Big Box Makeover

Big-Box stores have been closing left and right, but what happens to the empty stores once they’re vacant?

 

In a retail apocalypse, it seems the real estate graveyard isn’t getting any smaller.

Toys-R-Us is the latest in a long list of big-box retailers closing stores across the United States. The empty shells of commercial real estate left behind, sometimes called “ghost boxes,” are presenting a challenge for brokers.

“These closures release millions of square footage on the market, and there just aren’t a lot of retailers that can fill that space,” says Mary Diduch, a staff writer for National Real Estate Investor.

Developers are finding creative, sometimes quirky, ways to bring “ghost boxes” back to life.

An old Kmart store in Austin, Minnesota is now home to the SPAM Museum, with 14,000 square feet of meat-themed exhibits that attract more than 100,000 visitors annually.

SPAM Museum Photographed Dec. 6, 2017. (Nancy Ngo / Pioneer Press)

Tucked behind an Office Max store in a Garner, North Carolina strip mall, 9th graders attend class in a high school that used to be a movie theater.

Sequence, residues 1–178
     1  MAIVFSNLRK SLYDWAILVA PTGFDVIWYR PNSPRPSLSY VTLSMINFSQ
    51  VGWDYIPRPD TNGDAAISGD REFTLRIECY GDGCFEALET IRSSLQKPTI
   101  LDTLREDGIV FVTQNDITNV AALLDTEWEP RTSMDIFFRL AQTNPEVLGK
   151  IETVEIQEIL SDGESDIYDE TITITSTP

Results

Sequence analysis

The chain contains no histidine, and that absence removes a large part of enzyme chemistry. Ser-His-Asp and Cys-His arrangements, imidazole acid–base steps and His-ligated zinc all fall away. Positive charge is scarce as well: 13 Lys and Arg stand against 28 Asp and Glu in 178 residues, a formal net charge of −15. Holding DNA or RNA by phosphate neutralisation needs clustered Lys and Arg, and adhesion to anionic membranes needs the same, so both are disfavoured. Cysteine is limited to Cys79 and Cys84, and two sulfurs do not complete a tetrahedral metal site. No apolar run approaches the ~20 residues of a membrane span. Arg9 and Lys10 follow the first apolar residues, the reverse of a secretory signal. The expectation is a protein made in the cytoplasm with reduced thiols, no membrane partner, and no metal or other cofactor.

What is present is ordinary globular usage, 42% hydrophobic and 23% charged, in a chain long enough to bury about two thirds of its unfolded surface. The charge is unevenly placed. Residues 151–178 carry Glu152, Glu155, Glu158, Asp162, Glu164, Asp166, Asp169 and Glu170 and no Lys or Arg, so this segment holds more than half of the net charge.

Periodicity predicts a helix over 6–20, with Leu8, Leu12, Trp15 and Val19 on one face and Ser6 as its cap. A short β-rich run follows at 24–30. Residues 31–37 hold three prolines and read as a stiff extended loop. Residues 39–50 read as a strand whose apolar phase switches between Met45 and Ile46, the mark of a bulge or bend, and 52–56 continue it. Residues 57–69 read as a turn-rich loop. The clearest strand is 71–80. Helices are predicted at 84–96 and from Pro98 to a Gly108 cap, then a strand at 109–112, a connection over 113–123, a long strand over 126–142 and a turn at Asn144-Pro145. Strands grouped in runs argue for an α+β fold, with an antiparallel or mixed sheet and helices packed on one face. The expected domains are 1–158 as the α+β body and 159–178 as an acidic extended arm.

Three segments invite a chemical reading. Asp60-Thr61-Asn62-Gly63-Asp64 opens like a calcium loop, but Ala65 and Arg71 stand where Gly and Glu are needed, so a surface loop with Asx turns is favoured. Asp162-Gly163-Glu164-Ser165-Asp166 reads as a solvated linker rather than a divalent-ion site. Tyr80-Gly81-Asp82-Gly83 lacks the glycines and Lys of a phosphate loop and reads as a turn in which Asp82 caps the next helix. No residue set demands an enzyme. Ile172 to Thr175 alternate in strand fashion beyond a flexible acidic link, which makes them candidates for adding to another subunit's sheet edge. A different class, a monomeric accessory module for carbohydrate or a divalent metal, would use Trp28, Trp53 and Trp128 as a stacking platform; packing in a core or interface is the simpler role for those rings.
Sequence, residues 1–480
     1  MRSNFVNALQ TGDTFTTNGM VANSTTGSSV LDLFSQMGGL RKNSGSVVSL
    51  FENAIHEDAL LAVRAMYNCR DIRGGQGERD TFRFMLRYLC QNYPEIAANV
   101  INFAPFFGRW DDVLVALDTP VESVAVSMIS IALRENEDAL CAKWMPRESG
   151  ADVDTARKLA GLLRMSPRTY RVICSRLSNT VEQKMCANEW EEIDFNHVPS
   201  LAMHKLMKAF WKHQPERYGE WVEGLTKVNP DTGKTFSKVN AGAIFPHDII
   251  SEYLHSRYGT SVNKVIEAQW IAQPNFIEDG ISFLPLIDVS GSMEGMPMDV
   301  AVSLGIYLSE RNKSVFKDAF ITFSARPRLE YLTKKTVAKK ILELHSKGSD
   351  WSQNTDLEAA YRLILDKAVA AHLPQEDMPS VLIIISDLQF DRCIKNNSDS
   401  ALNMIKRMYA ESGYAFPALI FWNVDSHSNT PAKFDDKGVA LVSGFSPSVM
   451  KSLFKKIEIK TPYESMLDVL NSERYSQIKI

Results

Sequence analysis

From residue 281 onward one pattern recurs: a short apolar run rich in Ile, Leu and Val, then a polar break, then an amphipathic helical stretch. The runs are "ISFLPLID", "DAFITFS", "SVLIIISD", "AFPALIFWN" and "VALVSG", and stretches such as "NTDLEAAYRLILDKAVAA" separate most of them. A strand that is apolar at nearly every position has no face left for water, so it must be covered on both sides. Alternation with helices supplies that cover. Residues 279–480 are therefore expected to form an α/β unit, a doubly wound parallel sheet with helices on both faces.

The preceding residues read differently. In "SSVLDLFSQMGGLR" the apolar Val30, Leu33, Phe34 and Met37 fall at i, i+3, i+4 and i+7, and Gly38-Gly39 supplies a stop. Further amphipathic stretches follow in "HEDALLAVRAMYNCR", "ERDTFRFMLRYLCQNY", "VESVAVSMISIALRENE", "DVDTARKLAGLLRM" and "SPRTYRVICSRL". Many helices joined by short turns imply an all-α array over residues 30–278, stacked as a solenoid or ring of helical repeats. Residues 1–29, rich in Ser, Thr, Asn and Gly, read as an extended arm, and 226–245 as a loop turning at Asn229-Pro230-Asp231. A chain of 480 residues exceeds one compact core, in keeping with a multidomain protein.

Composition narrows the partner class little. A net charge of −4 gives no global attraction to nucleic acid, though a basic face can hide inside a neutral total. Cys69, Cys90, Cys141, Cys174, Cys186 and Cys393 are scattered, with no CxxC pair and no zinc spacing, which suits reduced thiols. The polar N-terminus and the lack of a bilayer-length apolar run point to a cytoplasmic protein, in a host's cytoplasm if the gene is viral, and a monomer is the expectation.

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This type of reuse is spanning across the U.S., with community centers, churches and government offices filling the spaces left by retailers. Julia Christensen chronicled ten examples of this in her book, “Big Box Reuse,” which examined the benefit of the civic-minded structures that replaced vacated WalMart and Kmart stores.

“Buildings need to be designed with the long-term needs of the community in mind, not only the short-term needs of big box corporations,” said Christensen. “I hope municipalities can become empowered and incentivized to be more involved in design decisions that are better for their communities, now and in the future.”

Some shopping malls are also utilizing empty retail spaces for gyms and even apartments. Developers may also see the stand-alone retail properties as an opportunity to fill a much-needed gap in the residential real estate market.

MallApartment2 Courtesy Northeast Collaborative Architects
Micro lofts overlook the Arcade Providence shopping mall. Courtesy: Northeast Collaborative Architects

“I’ve heard from experts that housing is being floated out as an option to fill some of these spaces,” says Diduch. “Whether that comes to fruition on a big scale still remains to be seen, but no stone is being left unturned to try to fill these retail vacancies.”

Currently, the housing market faces sky-high demand and a record-low supply. While the idea of living in a former Toys-R-Us store may seem strange, experts say the need for affordable housing could outweigh the awkward façade and pricey renovation.

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